By the middle of the nineteenth century, the British Empire was the largest and richest empire in the world. This naturally gave rise to the belief that the British themselves were the chosen race chosen to bring the benefits of western civilization to the backward areas of the world. This white supremacy was enforced in Britain's colonies, especially India, and naturally, native opposition was frequent. But most were unsuccessful due to the superior technology and organization of the British army.

In 1857, the Indian Mutiny broke out and with it, the British colonial administration fought its greatest imperial war. Thanks to the efficiency of British media coverage, the development of the mutiny was followed avidly by the British public. The British saw the India Mutiny as a fight against "barbarians who were rejecting the benefits of civilization" but as the suppression developed, the atrocities committed by both sides became obvious. The British armies swept across northern India in an enraged and cruel rampage of rape, murder and savagery, which shocked Victorian society.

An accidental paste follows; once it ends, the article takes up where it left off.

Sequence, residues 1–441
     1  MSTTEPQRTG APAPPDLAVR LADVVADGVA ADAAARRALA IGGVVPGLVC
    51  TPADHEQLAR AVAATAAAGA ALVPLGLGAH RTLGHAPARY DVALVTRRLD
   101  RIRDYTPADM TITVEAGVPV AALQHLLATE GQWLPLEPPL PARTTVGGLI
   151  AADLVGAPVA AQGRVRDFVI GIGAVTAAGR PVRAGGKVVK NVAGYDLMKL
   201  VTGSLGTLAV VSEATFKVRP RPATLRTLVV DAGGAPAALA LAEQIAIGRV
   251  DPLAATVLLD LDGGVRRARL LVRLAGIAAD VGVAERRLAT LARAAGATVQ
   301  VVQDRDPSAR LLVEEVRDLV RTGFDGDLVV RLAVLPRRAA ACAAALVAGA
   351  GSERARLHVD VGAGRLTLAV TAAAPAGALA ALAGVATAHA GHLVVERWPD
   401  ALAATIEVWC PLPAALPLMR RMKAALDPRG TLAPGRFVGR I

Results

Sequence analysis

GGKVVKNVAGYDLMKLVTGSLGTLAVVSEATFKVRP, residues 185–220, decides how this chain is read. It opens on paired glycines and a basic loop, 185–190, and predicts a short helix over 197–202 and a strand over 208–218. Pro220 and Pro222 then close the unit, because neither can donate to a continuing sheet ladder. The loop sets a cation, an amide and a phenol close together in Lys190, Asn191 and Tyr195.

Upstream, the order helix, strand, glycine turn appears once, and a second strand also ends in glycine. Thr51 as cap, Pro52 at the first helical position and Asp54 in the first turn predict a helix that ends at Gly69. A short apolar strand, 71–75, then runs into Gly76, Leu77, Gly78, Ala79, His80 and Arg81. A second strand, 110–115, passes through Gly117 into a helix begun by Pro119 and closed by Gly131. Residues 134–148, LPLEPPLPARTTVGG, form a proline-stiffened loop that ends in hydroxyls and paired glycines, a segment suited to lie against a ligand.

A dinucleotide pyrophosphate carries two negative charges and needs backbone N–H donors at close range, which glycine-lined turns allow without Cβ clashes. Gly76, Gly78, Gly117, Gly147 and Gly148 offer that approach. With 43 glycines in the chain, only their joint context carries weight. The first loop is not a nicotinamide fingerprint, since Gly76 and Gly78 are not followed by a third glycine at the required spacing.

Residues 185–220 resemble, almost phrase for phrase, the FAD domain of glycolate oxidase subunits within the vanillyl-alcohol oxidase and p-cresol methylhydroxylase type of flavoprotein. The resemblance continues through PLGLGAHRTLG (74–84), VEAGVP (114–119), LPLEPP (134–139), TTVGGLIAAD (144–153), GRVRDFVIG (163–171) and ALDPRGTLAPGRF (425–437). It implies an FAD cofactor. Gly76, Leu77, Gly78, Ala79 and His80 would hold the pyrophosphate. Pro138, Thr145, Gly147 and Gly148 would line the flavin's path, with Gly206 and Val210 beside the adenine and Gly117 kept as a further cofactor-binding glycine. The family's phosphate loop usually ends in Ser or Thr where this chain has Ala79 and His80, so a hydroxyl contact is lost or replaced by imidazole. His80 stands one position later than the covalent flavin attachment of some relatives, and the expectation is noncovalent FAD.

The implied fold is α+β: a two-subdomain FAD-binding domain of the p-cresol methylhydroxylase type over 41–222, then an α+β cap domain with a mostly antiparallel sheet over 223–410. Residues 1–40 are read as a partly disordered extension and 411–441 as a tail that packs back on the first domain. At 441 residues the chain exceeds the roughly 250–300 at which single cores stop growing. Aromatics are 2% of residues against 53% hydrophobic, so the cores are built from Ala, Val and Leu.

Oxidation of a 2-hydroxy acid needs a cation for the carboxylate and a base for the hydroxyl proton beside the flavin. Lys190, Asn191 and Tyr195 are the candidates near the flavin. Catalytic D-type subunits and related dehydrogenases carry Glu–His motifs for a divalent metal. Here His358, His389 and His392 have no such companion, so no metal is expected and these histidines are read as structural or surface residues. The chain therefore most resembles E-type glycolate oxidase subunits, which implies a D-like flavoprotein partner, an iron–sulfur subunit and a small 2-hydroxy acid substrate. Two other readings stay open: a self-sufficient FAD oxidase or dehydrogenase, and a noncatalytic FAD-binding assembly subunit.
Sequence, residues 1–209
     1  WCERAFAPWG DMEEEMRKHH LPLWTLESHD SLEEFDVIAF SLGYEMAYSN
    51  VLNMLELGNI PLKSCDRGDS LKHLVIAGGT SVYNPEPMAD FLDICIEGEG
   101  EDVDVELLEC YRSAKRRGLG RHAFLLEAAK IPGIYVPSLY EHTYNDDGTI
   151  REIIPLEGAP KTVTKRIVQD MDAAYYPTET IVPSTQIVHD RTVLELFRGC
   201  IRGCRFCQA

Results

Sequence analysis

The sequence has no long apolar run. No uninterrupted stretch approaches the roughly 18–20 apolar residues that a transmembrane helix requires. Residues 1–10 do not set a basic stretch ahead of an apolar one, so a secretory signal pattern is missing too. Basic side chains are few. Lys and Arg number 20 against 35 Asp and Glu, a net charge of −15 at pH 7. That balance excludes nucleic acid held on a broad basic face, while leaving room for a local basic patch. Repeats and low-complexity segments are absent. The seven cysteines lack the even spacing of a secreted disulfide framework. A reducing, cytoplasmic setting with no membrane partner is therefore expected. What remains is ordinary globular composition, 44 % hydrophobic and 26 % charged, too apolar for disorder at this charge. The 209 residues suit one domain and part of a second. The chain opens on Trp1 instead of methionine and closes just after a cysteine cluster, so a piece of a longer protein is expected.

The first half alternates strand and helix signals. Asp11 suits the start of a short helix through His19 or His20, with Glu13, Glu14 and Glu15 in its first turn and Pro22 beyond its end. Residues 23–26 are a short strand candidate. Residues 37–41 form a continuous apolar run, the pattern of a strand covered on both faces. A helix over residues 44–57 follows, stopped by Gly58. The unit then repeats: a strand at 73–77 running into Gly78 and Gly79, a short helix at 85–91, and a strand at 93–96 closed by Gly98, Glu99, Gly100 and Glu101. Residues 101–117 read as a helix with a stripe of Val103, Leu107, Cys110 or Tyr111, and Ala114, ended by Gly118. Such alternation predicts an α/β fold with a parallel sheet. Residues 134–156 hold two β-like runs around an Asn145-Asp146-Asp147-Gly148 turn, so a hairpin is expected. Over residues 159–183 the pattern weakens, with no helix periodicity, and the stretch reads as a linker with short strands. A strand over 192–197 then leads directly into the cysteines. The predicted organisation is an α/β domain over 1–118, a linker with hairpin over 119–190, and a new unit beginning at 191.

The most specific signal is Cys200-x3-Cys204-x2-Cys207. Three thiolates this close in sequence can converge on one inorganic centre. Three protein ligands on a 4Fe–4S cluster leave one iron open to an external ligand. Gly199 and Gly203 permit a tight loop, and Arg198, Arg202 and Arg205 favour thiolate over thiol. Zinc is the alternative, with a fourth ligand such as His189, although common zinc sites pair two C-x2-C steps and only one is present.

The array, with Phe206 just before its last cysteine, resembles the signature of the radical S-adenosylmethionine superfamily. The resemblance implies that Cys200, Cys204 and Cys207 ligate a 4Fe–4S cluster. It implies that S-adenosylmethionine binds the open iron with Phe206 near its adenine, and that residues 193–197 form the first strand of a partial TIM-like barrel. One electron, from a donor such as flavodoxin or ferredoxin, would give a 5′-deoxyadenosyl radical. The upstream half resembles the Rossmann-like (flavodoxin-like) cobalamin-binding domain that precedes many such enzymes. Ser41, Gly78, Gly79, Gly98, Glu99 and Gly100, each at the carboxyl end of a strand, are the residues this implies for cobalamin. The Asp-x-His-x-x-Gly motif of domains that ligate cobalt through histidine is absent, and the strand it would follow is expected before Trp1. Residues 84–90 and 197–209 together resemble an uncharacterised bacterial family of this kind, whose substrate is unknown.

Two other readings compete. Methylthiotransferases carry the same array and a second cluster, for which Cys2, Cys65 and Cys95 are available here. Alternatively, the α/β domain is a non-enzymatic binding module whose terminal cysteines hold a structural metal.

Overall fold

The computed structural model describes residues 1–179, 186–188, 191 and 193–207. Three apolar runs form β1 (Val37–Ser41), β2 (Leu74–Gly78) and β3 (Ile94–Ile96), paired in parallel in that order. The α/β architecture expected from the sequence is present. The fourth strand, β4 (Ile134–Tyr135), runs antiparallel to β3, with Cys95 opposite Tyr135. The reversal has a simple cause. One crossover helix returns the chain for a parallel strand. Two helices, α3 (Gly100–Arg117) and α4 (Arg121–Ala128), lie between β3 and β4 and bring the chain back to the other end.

The Indian Mutiny was even called the 'epic of the Race' by historian Sir Charles Crostwaithe and though in the modern context, this sounds ridiculous but it was nothing more than an illustration of Victorian British confidence and arrogance.

The Background, 1857

British presence in India stretched all the way from the seventeenth century when the East India Company, EIC, acquired its first territory in Bombay to 1947 when India and Pakistan were granted self rule. Over the years the EIC expanded by both direct (force) and indirect (economic) means eventually, chasing the French out (after the War of Plassey, 1757) and dominating the whole of the Indian sub-continent.